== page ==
President Donald Trump’s lawyer and former New York City Mayor Rudy Giuliani was always “buzzed,” according to Michael Wolff’s new book. Chip Somodevilla/Getty Images
Rudy Giuliani discussed the controversy surrounding Christopher Columbus with Steve Bannon on Monday.
Giuliani suggested the Italian explorer didn’t do anything that others of his time wouldn’t have.
Most historians acknowledge that Columbus committed and allowed his men to commit several crimes.
Rudy Giuliani appeared to shrug off the many crimes attributed to Christopher Columbus during a conversation on Steve Bannon’s “Real America’s Voice” on Monday.
The conversation between the two Trump associates coincided with the celebration of Columbus Day 2021, a national holiday meant to commemorate the Italian explorer’s arrival to the Americas in 1492.
Criticism of the holiday’s namesake has surged in recent decades, with Indigenous Americans and other groups protesting the celebration of a man who most historians believe committed and allowed his men to commit atrocities, including rape, enslavement, and murder.
But when asked about the infamous explorer by Bannon on Monday, Giuliani seemed to handwave the countless allegations against Columbus, as first reported by Raw Story.
“Did he engage in some immoral acts himself?” Giuliani said. “Did he allow his crew to do it? There seems to be evidence that he did. But we don’t know that for sure. It’s hundreds of years ago.”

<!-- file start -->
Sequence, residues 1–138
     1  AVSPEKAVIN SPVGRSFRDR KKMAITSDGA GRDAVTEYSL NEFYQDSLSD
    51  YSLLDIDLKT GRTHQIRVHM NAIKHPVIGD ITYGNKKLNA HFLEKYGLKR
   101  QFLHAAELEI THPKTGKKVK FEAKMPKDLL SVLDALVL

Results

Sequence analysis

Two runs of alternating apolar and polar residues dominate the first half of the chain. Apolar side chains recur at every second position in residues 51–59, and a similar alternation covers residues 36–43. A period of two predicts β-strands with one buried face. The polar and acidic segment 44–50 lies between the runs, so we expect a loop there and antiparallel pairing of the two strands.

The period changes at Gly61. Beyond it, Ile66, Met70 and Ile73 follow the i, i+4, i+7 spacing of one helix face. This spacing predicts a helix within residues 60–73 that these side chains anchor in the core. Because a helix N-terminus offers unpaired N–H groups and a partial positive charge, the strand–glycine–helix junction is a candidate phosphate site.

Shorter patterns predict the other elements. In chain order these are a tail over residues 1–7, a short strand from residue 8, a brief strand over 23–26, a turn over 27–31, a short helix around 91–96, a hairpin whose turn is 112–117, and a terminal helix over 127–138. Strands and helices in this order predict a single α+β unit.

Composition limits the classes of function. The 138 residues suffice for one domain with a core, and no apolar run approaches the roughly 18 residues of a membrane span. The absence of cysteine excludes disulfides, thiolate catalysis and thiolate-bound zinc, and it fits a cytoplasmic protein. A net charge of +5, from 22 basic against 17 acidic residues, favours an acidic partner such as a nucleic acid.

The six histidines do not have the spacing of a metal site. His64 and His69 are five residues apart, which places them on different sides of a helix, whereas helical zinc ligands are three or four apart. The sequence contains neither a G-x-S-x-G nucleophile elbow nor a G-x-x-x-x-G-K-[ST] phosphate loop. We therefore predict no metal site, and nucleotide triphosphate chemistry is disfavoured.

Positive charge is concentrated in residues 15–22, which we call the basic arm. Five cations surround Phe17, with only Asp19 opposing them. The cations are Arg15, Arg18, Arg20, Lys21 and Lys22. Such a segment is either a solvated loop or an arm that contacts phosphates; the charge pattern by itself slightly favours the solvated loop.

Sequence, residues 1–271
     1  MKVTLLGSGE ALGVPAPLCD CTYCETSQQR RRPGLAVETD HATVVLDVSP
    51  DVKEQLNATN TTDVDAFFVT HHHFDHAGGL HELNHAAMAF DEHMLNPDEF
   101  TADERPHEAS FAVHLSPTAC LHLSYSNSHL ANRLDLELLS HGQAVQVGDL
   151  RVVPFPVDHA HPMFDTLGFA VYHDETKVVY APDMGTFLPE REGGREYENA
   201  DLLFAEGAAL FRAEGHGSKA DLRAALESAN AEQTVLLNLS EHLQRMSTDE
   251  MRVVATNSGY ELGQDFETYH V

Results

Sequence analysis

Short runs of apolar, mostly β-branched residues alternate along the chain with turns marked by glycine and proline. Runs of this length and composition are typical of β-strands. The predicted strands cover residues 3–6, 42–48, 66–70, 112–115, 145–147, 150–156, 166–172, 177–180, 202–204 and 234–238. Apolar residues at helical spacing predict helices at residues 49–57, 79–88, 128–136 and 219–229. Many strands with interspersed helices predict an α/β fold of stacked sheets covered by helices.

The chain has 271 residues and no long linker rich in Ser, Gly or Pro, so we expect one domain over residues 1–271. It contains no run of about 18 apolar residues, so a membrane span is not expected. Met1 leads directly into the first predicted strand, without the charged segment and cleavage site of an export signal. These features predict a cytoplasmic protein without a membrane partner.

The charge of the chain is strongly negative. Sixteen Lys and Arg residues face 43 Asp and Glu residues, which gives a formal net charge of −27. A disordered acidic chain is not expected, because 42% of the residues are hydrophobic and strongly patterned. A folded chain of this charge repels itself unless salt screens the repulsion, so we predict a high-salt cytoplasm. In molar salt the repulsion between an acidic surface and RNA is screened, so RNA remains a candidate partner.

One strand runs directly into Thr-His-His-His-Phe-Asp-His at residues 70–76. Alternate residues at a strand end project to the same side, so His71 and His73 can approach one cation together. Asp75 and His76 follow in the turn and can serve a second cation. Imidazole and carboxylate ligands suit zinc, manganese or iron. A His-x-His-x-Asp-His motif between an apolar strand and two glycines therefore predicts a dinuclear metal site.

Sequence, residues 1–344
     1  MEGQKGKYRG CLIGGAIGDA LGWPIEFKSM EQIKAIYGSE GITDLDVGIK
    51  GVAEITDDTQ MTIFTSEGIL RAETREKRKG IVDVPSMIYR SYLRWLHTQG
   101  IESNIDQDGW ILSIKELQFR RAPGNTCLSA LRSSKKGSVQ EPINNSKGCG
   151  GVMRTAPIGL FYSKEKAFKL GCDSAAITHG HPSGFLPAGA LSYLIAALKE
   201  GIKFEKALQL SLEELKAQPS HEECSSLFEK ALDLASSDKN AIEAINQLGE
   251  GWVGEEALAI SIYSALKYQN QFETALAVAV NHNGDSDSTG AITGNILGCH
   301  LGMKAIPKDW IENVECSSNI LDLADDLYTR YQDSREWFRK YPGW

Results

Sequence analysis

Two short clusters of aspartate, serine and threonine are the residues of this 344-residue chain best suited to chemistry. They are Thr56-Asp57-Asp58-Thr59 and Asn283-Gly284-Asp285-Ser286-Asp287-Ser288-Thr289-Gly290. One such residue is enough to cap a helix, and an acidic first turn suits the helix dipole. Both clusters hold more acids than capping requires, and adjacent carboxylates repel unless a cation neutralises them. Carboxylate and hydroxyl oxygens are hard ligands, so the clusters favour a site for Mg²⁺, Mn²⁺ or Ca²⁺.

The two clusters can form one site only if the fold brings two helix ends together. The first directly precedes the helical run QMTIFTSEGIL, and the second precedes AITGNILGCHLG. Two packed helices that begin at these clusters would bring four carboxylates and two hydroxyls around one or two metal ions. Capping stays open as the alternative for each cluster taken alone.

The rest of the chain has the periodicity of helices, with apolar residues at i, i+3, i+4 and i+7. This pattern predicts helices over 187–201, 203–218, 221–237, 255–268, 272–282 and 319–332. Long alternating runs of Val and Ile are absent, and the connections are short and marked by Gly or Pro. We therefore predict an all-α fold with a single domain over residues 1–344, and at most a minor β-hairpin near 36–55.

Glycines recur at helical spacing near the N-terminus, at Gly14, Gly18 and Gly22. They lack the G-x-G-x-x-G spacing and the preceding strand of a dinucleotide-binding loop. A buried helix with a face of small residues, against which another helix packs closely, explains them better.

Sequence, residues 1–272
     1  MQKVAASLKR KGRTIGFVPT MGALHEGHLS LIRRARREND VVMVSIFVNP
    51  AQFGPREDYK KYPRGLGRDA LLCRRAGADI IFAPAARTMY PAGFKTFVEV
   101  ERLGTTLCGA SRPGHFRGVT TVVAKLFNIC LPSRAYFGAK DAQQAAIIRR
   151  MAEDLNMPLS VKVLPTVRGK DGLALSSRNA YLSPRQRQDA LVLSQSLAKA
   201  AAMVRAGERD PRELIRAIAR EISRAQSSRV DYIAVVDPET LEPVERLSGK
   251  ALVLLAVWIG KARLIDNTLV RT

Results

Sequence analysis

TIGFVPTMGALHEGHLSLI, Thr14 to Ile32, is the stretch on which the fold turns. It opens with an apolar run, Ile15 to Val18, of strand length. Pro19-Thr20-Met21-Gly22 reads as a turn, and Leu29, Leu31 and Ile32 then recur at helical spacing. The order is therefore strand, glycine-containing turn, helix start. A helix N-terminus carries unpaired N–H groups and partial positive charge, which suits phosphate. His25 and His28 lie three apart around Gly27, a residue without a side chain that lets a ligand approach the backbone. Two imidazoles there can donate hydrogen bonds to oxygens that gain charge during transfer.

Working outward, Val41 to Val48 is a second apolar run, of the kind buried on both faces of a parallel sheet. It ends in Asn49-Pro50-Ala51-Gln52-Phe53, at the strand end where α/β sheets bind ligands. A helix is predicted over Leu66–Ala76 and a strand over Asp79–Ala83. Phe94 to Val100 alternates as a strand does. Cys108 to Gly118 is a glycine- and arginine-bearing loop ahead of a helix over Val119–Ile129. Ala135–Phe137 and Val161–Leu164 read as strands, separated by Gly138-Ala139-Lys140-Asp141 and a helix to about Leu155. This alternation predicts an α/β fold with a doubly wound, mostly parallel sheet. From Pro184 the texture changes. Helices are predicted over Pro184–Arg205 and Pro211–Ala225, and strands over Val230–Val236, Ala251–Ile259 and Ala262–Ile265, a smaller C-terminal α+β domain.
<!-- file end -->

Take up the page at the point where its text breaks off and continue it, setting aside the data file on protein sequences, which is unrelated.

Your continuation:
“Did he do anything that other men and women of his age would have done? No,” he added. “And have all of our other heroes done that? I mean, John F. Kennedy – now it’s a different age, but now we know things about John F. Kennedy that make him considerably less than perfect.”
The former New York mayor went on to compare Columbus’ purported crimes to former President Franklin D. Roosevelt turning away a ship of Jewish refugees fleeing the Nazis during World War II.
“I can find any single one of their heroes, on the left and on the right,” he said.
In recent years, several US states and cities have replaced Columbus Day with Indigenous Peoples’ Day in order to acknowledge the atrocities committed against Native communities throughout America’s history.
President Joe Biden issued the first presidential proclamation of Indigenous Peoples’ Day last week, declaring the holiday would be observed on October 11 in honor of America’s first inhabitants.
In a White House release acknowledging that the holiday will share a date with Columbus Day, Biden encouraged the country to not bury “shameful episodes of our past.”
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